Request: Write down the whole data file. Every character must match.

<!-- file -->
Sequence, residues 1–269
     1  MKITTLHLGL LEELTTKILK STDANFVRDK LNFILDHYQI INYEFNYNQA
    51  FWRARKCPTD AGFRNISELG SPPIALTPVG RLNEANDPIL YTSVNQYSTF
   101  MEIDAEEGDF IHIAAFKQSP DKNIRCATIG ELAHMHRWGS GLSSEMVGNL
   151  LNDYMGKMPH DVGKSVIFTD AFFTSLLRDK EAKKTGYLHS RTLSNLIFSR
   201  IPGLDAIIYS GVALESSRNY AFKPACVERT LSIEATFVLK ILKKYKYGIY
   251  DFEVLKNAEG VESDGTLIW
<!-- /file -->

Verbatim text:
Sequence, residues 1–269
     1  MKITTLHLGL LEELTTKILK STDANFVRDK LNFILDHYQI INYEFNYNQA
    51  FWRARKCPTD AGFRNISELG SPPIALTPVG RLNEANDPIL YTSVNQYSTF
   101  MEIDAEEGDF IHIAAFKQSP DKNIRCATIG ELAHMHRWGS GLSSEMVGNL
   151  LNDYMGKMPH DVGKSVIFTD AFFTSLLRDK EAKKTGYLHS RTLSNLIFSR
   201  IPGLDAIIYS GVALESSRNY AFKPACVERT LSIEATFVLK ILKKYKYGIY
   251  DFEVLKNAEG VESDGTLIW